Success of reintroduction enriches region
Article Last Updated; Sunday, September 19, 2010 12:00AM
A lot of excitement surrounded the release into the Colorado wilderness 11 years ago of the first group of lynx. Those big-footed, big-eared cats that had been born and raised in Canada bounded for the treeline.
The cheering was short-lived. There was a mismatch between the lynx and their prey, the rabbit population. Wildlife personnel apparently had misjudged how long it would take the lynx to adjust to the chase in Southwest Colorado and how plentiful rabbits were, and several lynx were found dead of malnutrition.
Subsequent introductions were immediately more successful. The lynx were kept in captivity longer and given plenty to eat. Fattened up, they had more time to hunt before being successful. Those large padded feet allow the lynx to travel quickly on top of the snow, faster than a rabbit.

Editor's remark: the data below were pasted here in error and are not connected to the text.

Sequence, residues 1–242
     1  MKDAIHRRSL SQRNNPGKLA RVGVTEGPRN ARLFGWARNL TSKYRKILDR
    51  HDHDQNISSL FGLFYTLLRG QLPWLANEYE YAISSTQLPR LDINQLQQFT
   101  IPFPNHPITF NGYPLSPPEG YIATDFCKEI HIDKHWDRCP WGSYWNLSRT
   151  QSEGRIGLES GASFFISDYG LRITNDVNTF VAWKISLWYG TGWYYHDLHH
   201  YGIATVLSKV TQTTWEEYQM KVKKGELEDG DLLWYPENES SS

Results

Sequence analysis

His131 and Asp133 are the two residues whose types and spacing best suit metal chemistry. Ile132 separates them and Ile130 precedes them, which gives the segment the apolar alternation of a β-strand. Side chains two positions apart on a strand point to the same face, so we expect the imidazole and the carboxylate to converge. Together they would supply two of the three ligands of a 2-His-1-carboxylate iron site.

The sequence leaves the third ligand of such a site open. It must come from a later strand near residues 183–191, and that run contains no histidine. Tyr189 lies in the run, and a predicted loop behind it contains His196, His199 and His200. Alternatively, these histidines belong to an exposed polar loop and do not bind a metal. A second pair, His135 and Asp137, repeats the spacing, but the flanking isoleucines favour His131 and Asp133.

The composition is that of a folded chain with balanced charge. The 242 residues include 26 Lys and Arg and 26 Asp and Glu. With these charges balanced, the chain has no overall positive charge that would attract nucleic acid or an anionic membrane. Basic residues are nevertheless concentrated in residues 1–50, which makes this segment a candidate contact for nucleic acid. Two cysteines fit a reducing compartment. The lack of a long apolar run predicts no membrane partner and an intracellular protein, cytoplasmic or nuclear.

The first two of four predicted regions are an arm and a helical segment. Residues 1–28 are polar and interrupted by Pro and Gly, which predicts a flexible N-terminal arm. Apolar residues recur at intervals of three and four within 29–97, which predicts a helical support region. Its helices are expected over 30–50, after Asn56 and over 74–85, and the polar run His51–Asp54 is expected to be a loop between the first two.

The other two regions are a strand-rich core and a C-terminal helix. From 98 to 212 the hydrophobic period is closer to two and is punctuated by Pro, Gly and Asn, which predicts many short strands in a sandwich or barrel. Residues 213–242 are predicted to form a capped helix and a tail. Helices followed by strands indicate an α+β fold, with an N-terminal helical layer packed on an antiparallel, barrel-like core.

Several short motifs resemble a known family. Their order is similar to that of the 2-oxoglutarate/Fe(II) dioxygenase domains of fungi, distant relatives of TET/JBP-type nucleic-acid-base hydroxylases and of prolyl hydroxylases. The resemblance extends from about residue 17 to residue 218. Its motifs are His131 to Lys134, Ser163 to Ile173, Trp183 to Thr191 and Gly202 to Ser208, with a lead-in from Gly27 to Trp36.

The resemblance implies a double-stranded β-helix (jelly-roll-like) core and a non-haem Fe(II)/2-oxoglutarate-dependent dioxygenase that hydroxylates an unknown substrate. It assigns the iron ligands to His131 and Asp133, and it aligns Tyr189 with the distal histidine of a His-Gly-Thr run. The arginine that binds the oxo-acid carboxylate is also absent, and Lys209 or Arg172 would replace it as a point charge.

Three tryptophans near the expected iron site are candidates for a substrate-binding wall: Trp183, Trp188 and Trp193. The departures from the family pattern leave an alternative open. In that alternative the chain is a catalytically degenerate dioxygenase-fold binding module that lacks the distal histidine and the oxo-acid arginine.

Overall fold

The lynx were collared with a radio signal transmitter, and in ensuing years, Coloradans followed their fortunes: More lynx were introduced, and in most years beginning in 2003, there were babies. Several were killed by hunters, either mistakenly or not. A couple traveled extraordinary distances, were captured and returned.
Last week, the Colorado Division of Wildlife pronounced the introduction successful. At least 141 kittens have been born, the DOW reported, and while the total number of lynx is uncertain, it sounds to us as though there could be almost several hundred (by 2006, 218 had been released).
Because the distances are so large and the animals so small, most people never will see a lynx. But knowing they are out there in the San Juan Mountains, part of nature’s panoply, is rewarding.
Thanks to the DOW for making the mix of animal life in Southwest Colorado a little richer.